HMV has collapsed for the second time in six years after poor sales over the key Christmas trading period.
The music retailer has appointed administrators at KPMG, putting more than 2,200 jobs at risk. The company said 125 stores in the UK will remain open while talks with suppliers and potential buyers continued.
HMV collapsed into administration in 2013 when it was rescued by restructuring firm Hilco.
The company has been hit by slowing demand for CDs and DVDs as more consumers download content online.
Paul McGowan, the executive chair of HMV and Hilco, said: “During the key Christmas trading period the market for DVD fell by over 30% compared to the previous year and, while HMV performed considerably better than that, such a deterioration in a key sector of the market is unsustainable.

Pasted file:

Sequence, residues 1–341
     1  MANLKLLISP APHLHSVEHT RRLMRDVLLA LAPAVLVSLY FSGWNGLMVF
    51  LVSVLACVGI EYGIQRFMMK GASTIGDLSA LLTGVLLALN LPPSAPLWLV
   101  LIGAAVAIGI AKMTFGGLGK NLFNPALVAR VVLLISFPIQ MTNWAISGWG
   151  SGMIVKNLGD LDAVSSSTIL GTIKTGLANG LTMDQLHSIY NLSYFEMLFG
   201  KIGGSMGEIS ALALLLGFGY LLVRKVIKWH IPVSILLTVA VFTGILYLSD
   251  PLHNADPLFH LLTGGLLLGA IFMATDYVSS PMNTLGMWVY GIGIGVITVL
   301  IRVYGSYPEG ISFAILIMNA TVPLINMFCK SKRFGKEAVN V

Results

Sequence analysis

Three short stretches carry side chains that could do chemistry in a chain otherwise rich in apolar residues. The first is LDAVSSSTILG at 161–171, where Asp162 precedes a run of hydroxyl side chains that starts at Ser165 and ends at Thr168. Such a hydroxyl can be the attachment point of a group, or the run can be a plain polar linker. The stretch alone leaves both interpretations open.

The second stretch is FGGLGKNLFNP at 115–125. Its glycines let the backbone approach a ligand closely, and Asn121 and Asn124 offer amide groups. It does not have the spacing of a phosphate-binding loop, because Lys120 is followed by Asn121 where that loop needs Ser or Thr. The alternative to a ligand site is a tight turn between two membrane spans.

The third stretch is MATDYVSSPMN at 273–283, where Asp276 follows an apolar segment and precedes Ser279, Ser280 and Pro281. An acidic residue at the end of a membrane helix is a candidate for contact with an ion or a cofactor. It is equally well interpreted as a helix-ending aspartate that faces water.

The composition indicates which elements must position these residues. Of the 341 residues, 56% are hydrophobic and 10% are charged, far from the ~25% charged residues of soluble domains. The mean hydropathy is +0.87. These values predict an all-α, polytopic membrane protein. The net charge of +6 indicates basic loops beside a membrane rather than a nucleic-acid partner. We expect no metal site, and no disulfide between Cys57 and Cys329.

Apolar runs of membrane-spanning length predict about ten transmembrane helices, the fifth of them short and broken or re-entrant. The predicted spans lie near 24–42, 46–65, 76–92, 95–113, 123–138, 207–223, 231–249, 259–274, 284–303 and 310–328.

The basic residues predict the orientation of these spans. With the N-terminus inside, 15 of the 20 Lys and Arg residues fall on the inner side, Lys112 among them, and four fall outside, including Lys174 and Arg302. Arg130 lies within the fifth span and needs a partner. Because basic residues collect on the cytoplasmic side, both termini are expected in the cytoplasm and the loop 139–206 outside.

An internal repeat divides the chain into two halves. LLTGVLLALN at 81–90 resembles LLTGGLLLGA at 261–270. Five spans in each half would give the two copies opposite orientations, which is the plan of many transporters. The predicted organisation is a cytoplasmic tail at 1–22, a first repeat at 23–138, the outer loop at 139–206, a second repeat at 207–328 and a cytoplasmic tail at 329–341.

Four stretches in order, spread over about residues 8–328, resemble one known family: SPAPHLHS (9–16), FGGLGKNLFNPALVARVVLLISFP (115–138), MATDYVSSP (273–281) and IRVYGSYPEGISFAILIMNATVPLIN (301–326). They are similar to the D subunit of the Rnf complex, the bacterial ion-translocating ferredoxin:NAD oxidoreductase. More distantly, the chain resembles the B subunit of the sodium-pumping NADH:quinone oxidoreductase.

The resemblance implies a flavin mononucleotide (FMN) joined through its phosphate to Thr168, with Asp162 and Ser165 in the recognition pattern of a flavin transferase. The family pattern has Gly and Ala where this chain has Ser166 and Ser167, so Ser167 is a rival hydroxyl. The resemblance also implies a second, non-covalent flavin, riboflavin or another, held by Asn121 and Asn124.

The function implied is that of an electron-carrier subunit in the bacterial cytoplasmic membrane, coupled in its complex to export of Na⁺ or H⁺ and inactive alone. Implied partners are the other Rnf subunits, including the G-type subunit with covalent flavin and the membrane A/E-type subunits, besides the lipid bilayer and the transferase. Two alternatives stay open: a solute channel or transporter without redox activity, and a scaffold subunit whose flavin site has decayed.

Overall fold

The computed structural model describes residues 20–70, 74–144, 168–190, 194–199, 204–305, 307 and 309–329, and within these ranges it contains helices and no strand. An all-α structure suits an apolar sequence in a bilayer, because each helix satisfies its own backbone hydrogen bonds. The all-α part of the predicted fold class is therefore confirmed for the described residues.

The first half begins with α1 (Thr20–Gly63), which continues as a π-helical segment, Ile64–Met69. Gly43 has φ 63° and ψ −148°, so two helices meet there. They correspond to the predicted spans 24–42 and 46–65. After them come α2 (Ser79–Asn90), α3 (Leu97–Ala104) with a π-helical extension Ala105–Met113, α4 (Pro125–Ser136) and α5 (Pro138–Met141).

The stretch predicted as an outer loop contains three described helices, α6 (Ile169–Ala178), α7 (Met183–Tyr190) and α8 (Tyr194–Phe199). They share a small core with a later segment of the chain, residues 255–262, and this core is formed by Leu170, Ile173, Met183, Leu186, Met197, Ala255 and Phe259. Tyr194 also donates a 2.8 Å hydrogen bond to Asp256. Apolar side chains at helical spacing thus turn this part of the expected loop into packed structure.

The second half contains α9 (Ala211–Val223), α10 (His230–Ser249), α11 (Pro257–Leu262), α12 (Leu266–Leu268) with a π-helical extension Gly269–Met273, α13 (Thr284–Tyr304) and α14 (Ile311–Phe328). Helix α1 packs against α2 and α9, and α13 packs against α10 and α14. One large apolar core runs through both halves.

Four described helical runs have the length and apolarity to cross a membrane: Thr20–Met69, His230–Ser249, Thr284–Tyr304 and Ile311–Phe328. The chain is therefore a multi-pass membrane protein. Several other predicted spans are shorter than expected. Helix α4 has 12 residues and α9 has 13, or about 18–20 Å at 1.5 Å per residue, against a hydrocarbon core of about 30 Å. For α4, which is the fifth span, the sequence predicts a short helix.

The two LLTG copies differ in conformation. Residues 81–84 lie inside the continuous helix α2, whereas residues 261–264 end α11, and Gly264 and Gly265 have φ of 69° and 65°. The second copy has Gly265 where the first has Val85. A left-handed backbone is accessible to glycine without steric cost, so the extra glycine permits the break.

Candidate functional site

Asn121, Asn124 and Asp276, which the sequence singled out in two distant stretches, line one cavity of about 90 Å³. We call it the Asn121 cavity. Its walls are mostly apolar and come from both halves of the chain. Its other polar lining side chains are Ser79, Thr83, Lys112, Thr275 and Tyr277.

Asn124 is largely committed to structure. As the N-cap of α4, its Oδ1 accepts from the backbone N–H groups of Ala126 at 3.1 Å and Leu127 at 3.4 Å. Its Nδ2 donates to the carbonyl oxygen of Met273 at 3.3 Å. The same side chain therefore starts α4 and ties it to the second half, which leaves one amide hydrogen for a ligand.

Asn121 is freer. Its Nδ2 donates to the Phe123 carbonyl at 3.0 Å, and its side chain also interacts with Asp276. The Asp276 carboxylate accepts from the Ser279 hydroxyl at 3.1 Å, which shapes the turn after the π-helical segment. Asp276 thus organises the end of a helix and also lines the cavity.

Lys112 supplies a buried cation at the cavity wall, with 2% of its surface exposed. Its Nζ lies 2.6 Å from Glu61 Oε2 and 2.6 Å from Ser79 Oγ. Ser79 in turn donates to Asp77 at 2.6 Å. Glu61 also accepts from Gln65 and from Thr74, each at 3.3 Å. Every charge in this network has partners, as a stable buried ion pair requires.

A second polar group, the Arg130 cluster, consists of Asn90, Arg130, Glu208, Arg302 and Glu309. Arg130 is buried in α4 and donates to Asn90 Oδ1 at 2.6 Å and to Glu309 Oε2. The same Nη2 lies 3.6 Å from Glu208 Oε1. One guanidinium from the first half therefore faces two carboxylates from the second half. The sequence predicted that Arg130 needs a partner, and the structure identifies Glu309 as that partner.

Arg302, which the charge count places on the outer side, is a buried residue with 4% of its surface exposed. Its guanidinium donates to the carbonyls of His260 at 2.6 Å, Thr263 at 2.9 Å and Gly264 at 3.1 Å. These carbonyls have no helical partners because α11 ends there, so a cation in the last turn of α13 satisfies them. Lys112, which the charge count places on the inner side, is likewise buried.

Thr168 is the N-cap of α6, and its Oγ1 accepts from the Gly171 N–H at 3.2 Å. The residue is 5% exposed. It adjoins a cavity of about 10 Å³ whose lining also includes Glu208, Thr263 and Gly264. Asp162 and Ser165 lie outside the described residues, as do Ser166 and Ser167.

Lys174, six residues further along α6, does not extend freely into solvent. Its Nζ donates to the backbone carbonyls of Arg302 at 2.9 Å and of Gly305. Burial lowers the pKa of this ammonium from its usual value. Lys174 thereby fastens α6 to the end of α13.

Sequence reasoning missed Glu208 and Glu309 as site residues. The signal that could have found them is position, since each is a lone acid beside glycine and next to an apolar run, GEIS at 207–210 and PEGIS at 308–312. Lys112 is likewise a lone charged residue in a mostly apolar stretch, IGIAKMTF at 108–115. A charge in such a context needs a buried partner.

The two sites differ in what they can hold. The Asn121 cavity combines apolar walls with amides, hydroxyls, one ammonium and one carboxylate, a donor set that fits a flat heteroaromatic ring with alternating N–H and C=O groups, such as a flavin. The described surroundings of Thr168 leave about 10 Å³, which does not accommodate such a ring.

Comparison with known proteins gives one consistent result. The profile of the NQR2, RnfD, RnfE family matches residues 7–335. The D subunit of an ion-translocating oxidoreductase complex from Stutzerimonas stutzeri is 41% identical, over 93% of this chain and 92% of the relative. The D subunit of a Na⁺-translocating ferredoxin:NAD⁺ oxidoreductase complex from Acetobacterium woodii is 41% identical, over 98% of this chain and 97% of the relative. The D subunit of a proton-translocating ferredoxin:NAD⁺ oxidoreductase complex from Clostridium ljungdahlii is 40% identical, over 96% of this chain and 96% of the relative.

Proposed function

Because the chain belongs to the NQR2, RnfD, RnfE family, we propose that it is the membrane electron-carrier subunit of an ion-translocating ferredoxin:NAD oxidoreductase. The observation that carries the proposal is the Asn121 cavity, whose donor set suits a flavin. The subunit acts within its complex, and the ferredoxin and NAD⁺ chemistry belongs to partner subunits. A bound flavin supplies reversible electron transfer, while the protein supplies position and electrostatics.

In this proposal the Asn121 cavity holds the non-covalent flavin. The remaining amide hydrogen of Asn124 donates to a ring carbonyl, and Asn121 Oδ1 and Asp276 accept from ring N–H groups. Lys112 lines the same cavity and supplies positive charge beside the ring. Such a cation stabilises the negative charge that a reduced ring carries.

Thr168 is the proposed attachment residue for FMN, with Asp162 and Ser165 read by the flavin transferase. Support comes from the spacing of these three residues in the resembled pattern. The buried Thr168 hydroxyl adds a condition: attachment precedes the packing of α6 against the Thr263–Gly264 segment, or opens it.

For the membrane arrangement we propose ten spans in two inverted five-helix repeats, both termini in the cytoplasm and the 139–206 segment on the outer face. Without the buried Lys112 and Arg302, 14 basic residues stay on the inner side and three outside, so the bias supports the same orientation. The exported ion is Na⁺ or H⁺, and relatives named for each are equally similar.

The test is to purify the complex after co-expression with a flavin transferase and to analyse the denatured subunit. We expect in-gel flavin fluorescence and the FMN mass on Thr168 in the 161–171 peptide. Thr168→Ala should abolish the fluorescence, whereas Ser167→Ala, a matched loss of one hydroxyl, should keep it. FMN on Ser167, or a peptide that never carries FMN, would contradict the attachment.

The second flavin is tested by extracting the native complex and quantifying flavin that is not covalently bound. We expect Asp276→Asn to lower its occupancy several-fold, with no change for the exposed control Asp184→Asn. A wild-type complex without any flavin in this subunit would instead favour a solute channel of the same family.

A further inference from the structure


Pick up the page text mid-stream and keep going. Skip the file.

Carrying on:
“HMV has clearly not been insulated from the general malaise of the UK high street and has suffered the same challenges with business rates and other government-centric policies which have led to increased fixed costs in the business.
“Business rates alone represent an annual cost to HMV in excess of £15mln. Even an exceptionally well-run and much-loved business such as HMV cannot withstand the tsunami of challenges facing UK retailers over the last 12 months on top of such a dramatic change in consumer behaviour in the entertainment market.”
On top of a challenging market for CDs and DVDs, the group has also been affected by a wider downturn on the UK high street as more consumers shop online and reign in spending amid Brexit uncertainty.